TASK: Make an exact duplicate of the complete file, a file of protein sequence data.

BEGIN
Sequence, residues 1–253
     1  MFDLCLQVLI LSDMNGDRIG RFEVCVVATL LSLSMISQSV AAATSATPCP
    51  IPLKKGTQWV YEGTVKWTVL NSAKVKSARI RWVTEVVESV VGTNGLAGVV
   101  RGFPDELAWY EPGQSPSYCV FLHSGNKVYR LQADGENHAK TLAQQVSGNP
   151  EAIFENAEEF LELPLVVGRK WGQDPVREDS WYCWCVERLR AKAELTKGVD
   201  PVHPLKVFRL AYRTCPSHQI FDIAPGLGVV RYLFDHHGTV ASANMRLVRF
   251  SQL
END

Sequence, residues 1–253
     1  MFDLCLQVLI LSDMNGDRIG RFEVCVVATL LSLSMISQSV AAATSATPCP
    51  IPLKKGTQWV YEGTVKWTVL NSAKVKSARI RWVTEVVESV VGTNGLAGVV
   101  RGFPDELAWY EPGQSPSYCV FLHSGNKVYR LQADGENHAK TLAQQVSGNP
   151  EAIFENAEEF LELPLVVGRK WGQDPVREDS WYCWCVERLR AKAELTKGVD
   201  PVHPLKVFRL AYRTCPSHQI FDIAPGLGVV RYLFDHHGTV ASANMRLVRF
   251  SQL